When Greg launched Scandinavian Forestry Equipment, he brought years of leadership experience with the forestry equipment industry and notably harvesting heads – 17 years heading the North American operations of Log Max. His philosophy for Scandinavian Forestry Equipment is to help customers determine their precise needs and then find an equipment solution for them. It is common practice for team members to visit logging job sites to get a first-hand perspective on a contractor’s operations.
(For more information about Scandinavian Forestry Equipment and the products it offers, visit www.scandforestry.com.)
Mark has been pleased with the Eco Log 574E forwarder. “It’s a dependable machine,” said Mark. “We haven’t had too many issues with it. It’s very productive. It does what it’s supposed to do. It’s a good one.”
The Eco Log 574E forwarder has “absolutely” met his expectations, he added.
The crane has a very long reach, noted Mark. “That was one nice feature about it.” The machine also has good fuel economy. “It’s very reasonable on fuel,” said Mark.
Mark contracts with Scandinavian Forestry Equipment to perform preventive maintenance on the Eco Log forwarder. “They have a set rate for service calls,” he said. The company is “very responsive” to requests for service or support and also is “very reasonable” on repairs, said Mark. For the company’s other machines, employees perform most preventive maintenance. Mark and his father built a shop for their equipment in 2019.
Mark purchased the Cat 501HD in used condition from Woodland Equipment in 2018. Woodland Equipment serves loggers in the Great Lakes region and has two locations in Upper Peninsula and Lower Michigan. The company represents Tigercat as well as three manufacturers of forestry attachments: Log Max, Quadco, and Kesla.
The CAT 501HD is equipped with a CAT PF-48 harvester attachment that was updated with a JP Skidmore package of enhancements that converted the head from four rollers to two.
The conversion package provides a number of benefits, including improved roller speed, elimination of idler rollers and H-chain and sprockets, and reduced maintenance. The conversion also reduces the weight of the attachment by about 350 pounds.
When Mark talked with TimberLine, the crews were working on two jobs. One job, about 200 acres, was logged years ago, and the crew now was thinning the hardwood forest, removing trees marked by foresters. The other job was about 350-400 acres on the national forest, removing storm-damaged trees and clear-cutting some areas of aspen.
Beside his crews, Mark also contracts another logger with a cut-to-length harvester who produces wood for Strong Logging.
In winter or on soft ground, the harvester operators cut the slash into smaller pieces and sets it down in front of the machine’s path, so both harvesters and forwarders travel over it. The mat of limbs protects the ground as it is broken up to eventually be composted back into the soil.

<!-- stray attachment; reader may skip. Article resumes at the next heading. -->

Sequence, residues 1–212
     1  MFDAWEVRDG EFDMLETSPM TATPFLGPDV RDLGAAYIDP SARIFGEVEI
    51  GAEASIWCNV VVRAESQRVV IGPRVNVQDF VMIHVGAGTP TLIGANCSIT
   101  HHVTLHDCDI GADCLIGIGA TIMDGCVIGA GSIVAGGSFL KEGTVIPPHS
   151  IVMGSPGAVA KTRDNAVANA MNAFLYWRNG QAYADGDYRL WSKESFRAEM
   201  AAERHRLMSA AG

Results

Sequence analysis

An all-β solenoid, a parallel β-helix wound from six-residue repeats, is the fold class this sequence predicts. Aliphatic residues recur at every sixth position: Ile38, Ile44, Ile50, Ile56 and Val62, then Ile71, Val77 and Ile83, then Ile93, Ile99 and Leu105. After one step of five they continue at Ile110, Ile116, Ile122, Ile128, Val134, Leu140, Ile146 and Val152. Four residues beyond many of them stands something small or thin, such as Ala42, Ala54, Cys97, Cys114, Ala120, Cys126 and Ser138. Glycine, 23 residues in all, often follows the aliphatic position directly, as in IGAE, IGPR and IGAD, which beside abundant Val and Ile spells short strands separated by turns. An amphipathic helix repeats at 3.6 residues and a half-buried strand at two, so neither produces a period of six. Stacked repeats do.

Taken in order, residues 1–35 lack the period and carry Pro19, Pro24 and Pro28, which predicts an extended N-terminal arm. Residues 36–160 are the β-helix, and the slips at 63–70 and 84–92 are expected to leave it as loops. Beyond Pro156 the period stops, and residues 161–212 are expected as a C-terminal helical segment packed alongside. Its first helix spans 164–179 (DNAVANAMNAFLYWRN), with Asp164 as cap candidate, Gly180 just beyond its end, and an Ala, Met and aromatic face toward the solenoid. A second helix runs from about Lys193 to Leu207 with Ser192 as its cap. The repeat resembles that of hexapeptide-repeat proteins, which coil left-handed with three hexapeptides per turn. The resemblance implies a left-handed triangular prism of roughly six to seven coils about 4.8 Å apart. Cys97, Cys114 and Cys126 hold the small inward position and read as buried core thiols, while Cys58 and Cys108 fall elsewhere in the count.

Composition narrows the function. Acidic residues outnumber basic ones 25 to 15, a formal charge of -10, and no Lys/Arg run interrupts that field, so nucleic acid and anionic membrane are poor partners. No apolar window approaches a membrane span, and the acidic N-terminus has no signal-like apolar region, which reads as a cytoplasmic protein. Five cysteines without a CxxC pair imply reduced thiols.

A little over 50 percent of Strong Logging’s production is pulpwood. About 15-20 percent consist of low-grade bolts supplied to mills that cut it into pallet stock. The remaining production is saw logs.
Mark used to sell most of his pulp to the Verso mill in Wisconsin Rapids, Wisconsin, but since it closed he is sending pulp to the Verso mill in Quinnesec, Michigan, a haul of just over 70 miles.
Markets are decent, according to Mark. “They’re not too bad right now. There’s a little more demand this year than last year. That helps, being able to get rid of the wood, and the price as well.”
Saw logs go to Kretz Lumber, which has a mill in nearby Antigo, and Kersten Lumber, a little further south in Birnamwood. The markets for saw logs are “pretty good,” said Mark.
Demand has been strong but recently has been slowing slightly.
Bolts are supplied to Timber Creek, a wood packaging manufacturer with a mill in Antigo as well as numerous other facilities, and to some other, smaller companies more sporadically.
When Mark and his father started Strong Logging, Quentin sold his self-loading truck, and they contracted truckers to haul their wood to the mills. As they have grown, they began buying trucks. “It gives us more stability, more reliability,” observed Mark, since he is not relying on a contractor to get his wood to a mill. Also, contract trucking is a considerable expense. Having his own trucks, there is the potential to haul for other loggers, but so far Mark is only hauling his company’s wood.
Up until a few years ago, Mark was operating a harvester. Now he scouts timber, bids on new jobs, sets up the jobs, and oversees the operations. His wife, Samantha, handles a lot of the paperwork for the business, working in their home office.
Quentin, 76, is slowing down and is talking about cutting back. “He doesn’t want to retire completely,” said Mark. Quentin spends a lot of his time driving company trucks, but he also sharpens the saw chains for the harvesters and fills in as needed.
Mark is a member of the Great Lakes Timber Professionals Association. He likes to do a little golfing in the summer. He enjoys hunting deer and fishing when time allows. He and his father take an annual pheasant hunting trip to South Dakota each year.
Mark would like to continue to grow Strong Logging, although he said there is “nothing in the pipeline.”
“We’ve been trending in that direction, upping production, and trying to keep up with the hauling that goes with it.”
His employees have enabled the company to grow, said Mark. “What I’m doing right now would not be possible without them. We’ve got a good crew working for us, and we owe them a lot of credit.”